The player who may be the best fit behind Andrew Luck for the Vikings, Washington’s Jake Locker is a player who is looking more and more like the type of guy the Vikings could be targeting this April. Last season, Locker was nearly a shoe-in for the first overall pick before he surprised just about everyone by returning to school for his senior year. With that decision, he has likely lost millions of dollars, as he now is projected as a mid-to-late first round choice, with some in the business feeling that he isn’t worth a first round pick. In 2010, Locker’s numbers have dropped, as has his accuracy, decision making, and confidence. Coming off a 2009 season in which he recorded a 58.2 completion percentage, scouts were hoping he’d be able to get that number above the 60.0 mark, which is an unofficial requirement that many scouts have for an elite quarterback. Instead, Locker’s completion percentage dipped to 56.6. Locker has a strong arm, with the ability to make any throw an NFL quarterback needs to make, and possesses ideal mechanics and footwork for an NFL prospect. A former top recruit out of Washington who decided to stay home and play for the Huskies, Locker has thrown for 53 touchdowns and 35 interceptions in his career. The interceptions are where scouts are most worried, as Locker’s accuracy and questionable decision making have resulted in him throwing a higher than normal number of INTs. Locker plays in a West Coast-style offense under Steve Sarkisian at Washington, which is why the fit with the Vikings would be a good one. He’s a smart player who already understands the concepts of the offense and would likely be able to come in and take over as the starting quarterback for the 2012 season. In my opinion, Locker needs a full year of development with a team at the next level before I could suggest that he’d be ready to step in as the starting signal-caller. His accuracy, and more specifically his decision making must improve if he wants to be a successful quarterback in the NFL. Adding a veteran on a one-year deal to lead the team in 2011 (assuming there is a season) who can also tutor Locker before handing the team off to him in 2012 would be an ideal scenario for the Vikings.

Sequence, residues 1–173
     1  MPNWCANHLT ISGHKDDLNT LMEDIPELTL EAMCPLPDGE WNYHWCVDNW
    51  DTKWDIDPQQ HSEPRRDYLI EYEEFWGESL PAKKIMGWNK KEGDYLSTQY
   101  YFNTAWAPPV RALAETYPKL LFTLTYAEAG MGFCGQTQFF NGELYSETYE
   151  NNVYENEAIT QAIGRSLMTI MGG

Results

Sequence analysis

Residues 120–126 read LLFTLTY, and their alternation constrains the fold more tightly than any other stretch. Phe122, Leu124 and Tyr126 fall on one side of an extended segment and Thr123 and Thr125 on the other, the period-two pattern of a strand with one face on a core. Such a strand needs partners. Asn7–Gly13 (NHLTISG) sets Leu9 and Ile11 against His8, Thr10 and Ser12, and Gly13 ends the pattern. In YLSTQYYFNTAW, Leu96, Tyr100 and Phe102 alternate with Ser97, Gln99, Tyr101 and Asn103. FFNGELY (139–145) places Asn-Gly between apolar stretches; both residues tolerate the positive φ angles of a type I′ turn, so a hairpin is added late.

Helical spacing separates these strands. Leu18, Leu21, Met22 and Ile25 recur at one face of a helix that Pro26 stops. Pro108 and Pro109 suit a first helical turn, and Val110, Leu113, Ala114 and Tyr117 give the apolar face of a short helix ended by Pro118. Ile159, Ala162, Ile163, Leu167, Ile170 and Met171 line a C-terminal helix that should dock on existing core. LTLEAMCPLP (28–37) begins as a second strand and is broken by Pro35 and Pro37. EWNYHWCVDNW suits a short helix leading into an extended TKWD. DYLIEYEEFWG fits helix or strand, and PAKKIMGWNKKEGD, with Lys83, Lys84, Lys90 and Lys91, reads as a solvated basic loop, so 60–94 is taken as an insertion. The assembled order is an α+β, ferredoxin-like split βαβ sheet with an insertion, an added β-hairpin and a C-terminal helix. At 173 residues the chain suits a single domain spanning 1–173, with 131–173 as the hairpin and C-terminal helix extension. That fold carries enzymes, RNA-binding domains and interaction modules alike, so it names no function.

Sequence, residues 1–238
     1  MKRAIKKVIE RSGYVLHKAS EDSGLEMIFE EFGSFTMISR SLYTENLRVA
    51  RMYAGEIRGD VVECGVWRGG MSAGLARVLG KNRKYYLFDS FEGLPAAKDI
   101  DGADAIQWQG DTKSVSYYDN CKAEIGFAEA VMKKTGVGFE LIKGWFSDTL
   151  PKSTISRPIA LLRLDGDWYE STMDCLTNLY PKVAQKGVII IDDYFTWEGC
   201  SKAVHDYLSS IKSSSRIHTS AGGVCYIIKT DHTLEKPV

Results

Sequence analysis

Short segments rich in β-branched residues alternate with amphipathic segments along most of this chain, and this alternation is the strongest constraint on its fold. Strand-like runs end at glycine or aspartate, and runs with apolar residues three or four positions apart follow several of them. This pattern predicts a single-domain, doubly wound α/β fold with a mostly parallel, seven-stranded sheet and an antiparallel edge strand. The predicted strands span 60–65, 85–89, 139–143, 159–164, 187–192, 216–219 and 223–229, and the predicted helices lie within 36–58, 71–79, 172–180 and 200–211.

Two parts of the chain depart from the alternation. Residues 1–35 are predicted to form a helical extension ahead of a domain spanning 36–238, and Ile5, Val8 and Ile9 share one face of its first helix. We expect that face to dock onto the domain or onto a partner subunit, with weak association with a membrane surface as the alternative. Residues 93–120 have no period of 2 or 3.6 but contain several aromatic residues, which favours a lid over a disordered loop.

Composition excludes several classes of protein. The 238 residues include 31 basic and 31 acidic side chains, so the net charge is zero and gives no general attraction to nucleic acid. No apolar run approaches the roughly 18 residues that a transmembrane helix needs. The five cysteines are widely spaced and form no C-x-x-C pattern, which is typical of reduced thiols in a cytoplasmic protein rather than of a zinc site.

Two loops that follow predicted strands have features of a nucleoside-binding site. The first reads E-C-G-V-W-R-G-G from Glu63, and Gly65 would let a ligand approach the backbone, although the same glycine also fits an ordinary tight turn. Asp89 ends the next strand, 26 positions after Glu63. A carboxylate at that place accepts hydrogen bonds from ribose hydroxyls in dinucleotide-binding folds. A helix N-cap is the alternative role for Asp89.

(5) Christian Ponder – Florida State – 6-3 – 227 – Senior